Lawn Care and You!

You bought a home, and now you are deciding how to handle the lawn care. Should you do it yourself? Here are some positives about doing it yourself:

If you love spending time outdoors, doing your own lawn care can be a great way to get some Vitamin D. Spending time outdoors in a garden is a great way for those who aren't afraid to get their hands dirty to care for their home. 

 It also can be a great workout! If you enjoy working up a sweat, doing your own lawn care is a great option in that it provides an extra dose of exercise. Weekly or biweekly mowing burns some calories, and will bring you some pride in owning a home with a well-manicured lawn. 

It can become a source for creative freedom! You can have the ultimate say in every decision that is made when it comes to their outdoor space. You can pick up a plant that you like and add it to your garden without having to consult anyone else. This freedom is great for anyone who may have trouble communicating ideas with a lawn service or for those who take pride in being able to do it themselves.

 Equipment Upkeep can be seen as a negative. It can take a lot of tools and machinery to keep a lawn in tip-top condition. Allowing a lawn service to do the work keeps homeowners from having to purchase lawn mowers, trimmers and leaf blowers. These items can be tricky to maintain, which saves the homeowner from purchasing gas, oil or replacement trimming line.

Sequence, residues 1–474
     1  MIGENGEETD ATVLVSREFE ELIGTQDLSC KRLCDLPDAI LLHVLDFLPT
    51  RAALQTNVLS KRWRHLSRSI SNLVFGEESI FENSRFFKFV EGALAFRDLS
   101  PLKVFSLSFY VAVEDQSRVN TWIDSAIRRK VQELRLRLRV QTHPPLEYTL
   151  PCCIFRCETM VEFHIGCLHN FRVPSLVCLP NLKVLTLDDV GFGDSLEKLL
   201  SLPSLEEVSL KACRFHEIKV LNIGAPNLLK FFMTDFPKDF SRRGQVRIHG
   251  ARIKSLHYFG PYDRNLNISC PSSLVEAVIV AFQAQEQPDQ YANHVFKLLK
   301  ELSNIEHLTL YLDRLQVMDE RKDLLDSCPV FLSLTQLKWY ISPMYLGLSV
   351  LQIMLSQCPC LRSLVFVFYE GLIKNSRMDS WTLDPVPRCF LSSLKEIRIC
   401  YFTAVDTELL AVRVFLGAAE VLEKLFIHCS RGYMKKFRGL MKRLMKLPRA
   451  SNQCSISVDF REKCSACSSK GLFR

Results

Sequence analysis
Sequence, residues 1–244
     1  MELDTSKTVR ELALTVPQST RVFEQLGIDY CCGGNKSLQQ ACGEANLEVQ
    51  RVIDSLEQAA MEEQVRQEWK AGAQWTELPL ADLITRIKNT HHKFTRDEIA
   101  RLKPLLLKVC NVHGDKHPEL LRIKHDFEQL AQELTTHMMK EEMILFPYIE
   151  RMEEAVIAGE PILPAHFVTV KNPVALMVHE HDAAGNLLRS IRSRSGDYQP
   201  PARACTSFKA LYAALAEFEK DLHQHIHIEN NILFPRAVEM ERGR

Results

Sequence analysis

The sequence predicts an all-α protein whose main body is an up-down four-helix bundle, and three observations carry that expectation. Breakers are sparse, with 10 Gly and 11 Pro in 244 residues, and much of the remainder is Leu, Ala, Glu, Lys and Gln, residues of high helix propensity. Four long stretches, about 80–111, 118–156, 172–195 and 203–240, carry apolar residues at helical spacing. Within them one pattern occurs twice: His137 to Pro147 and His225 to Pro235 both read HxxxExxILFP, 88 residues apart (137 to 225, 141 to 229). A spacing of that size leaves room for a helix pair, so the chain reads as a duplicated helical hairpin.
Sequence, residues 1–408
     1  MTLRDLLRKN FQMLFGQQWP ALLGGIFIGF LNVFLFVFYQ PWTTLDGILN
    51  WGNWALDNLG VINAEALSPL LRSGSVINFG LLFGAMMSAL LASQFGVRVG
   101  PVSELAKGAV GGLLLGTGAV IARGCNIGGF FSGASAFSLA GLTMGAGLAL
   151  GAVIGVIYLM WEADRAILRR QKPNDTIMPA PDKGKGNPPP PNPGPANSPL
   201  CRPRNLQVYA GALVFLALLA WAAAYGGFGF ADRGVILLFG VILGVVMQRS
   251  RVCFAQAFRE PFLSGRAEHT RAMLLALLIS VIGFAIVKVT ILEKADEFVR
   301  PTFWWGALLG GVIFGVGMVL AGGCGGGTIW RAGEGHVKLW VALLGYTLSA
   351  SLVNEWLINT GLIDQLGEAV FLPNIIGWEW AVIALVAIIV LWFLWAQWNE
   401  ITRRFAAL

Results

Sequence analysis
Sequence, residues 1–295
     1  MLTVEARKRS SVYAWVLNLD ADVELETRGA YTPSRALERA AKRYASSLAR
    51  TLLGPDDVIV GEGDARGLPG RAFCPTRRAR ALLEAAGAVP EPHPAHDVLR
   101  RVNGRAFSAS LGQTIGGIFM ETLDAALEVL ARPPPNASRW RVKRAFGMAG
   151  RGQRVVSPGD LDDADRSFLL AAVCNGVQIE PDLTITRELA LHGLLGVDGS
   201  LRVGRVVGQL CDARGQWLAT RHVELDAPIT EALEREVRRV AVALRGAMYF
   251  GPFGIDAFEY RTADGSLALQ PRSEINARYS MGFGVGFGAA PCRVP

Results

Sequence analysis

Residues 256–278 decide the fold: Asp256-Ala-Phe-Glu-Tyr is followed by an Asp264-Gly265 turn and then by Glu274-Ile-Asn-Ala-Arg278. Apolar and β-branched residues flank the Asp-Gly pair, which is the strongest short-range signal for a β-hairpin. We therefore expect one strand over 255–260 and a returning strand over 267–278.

You might think paying for a lawn service can be quite expensive, but it's a catch 22 of time and money. Choosing a lawn service is the ultimate way to save time and it adds convenience to a busy lifestyle by not having to worry about getting the lawn care done on a weekly basis.

Wednesday, February 10, 2016

2016 Trends for Curb Appeal

Everyone these days is aware of the importance of the curb appeal of a home, especially when you decide to sell or buy. Curb appeal can give a lift to the value of a home. Improving the curb appeal of your home can boost its value by as much as 17 percent, the Texas Tech researchers found. They say curb appeal ranks second only to home size in weighing a home’s value.

Here are top-of-mind trends for curb appeal in 2016.

1. Front Door
A fresh coat of paint can spruce up a ho-hum front door and help make a better first impression when someone is eyeing your home. It creates interest and a focal point to the fa├žade of the home. It gives the home personality. It is inexpensive to do, but has an immediate impact. Contrasting the color of your front door with the color palette of your front yard. Works really well.

2. Lighten Up the Exterior
Outdoor lighting can add a touch of elegance to your front of your home. Furthermore, it can enhance the safety of your house. Outdoor lighting should go beyond ordinary lampposts and wall-mounted lighting to make your landscaping really stand out. Try installing stylish and modern lighting on your front porch.

3. Liven Up the Landscaping

Flowers and fertilizer can be your friends when it comes to bumping up the curb appeal of your home. A study by Alex X. Niemiera, a horticulture professor at Virginia Tech, shows that a well-landscaped home holds a higher value than a home without proper landscaping. 62 percent of American homeowners say the lawn influenced their home-buying decision.